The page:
9. The final ISN is made available to the public in the same manner, and subject to the same conditions, as a CAS.4

Guidance and Reporting

10. A Post Conflict Management Steering Group (PCMSG) reviews the application of the Bank's policy on countries affected by conflict, and provides guidance to staff on specific cases. The PCMSG meets quarterly to identify and discuss global or regional trends in conflict and recommend changes in Bank strategies and procedures to facilitate appropriate responses.

11. Twice a year, the Conflict Prevention and Reconstruction Unit prepares a monitoring report on countries and areas affected by conflict. The report compiles information furnished by the RVPs and:

(a) provides the basis for periodic reviews of the Bank's response to conflict;

(b) alerts senior management and Executive Directors to patterns in conflict that affect Bank activities;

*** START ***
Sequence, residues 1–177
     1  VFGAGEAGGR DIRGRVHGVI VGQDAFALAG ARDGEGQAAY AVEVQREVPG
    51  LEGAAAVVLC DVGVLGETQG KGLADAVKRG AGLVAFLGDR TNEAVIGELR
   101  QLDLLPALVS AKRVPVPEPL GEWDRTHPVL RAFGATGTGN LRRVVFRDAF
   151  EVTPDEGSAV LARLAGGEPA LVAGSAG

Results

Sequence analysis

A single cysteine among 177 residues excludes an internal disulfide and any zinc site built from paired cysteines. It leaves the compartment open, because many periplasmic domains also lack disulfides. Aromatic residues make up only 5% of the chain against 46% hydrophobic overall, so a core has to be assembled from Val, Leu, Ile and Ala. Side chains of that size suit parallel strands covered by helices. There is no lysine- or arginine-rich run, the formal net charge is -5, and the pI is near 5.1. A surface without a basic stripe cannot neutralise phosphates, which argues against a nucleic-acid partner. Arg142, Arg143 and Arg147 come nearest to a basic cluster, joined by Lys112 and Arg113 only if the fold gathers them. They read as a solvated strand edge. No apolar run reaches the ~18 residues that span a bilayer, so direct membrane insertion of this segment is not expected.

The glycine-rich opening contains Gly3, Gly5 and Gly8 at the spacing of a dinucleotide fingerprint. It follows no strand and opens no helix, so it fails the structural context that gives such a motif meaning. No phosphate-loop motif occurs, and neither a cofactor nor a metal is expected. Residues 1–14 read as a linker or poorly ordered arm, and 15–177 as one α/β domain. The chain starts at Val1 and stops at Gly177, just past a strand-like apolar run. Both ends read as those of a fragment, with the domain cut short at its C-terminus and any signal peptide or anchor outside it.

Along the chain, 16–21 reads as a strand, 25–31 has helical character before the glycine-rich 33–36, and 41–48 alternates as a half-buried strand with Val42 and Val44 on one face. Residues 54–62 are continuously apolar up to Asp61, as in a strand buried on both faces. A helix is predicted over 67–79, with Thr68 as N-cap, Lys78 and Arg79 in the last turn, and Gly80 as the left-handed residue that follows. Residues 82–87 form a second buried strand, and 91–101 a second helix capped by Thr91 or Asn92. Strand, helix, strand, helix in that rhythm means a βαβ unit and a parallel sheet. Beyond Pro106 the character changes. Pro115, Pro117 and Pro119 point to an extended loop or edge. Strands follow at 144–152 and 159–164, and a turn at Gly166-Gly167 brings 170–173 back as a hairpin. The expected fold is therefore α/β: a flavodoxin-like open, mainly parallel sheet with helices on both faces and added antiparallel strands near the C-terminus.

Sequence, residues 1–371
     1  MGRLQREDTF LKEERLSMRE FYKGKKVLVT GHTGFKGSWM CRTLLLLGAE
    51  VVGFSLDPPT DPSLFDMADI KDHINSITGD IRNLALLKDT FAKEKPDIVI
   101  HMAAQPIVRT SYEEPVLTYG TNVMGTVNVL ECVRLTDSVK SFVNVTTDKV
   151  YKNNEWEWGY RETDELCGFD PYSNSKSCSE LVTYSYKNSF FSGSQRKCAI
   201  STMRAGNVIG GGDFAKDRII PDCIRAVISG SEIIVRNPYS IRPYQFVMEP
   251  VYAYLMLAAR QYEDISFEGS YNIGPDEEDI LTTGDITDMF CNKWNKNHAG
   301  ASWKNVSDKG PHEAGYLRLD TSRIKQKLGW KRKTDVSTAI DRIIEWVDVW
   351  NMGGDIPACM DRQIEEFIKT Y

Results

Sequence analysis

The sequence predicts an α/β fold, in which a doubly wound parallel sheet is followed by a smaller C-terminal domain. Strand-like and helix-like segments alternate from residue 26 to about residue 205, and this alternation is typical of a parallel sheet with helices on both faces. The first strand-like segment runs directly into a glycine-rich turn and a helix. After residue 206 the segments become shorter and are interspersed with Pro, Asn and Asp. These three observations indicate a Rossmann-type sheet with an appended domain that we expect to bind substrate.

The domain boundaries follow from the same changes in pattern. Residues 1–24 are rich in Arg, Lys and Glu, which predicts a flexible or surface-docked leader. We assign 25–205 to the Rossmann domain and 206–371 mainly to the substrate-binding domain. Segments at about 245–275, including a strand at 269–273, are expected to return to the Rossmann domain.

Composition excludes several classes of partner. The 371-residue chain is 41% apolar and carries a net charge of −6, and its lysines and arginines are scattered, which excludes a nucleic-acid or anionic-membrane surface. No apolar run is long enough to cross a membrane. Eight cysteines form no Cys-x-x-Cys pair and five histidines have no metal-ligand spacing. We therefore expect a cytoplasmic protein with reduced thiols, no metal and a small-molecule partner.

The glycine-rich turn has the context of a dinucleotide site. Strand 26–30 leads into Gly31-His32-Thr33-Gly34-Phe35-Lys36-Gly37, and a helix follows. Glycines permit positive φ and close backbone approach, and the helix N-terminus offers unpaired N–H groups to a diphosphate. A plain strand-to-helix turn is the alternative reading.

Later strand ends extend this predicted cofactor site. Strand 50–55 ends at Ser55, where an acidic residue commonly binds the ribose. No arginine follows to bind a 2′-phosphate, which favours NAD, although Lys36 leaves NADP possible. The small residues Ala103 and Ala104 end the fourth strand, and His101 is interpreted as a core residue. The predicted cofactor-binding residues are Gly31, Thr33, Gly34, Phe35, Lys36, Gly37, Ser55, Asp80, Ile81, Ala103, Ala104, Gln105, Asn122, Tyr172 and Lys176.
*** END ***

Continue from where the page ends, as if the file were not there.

(c) informs Executive Directors about the Bank's work in countries affected by conflict; and assists the Bank in assessing countries' eligibility for special resources.

12. The PCMSG reviews the report, and the Conflict Prevention and Reconstruction Unit finalizes it. The Vice President, Environmentally and Socially Sustainable Development, submits the report to the MD for clearance and then circulates it to the Directors for information.


  1. Bank includes IBRD and IDA.
  2. This may involve suspension of disbursements in accordance with OP/BP13.40, Suspension of Disbursements.
  3. If any such measures entail exceptions to normal Bank practice that would require Board approval they should be explicitly detailed in the ISN for consideration during the Board discussion.
  4. See BP 2.11, Country Assistance Strategies.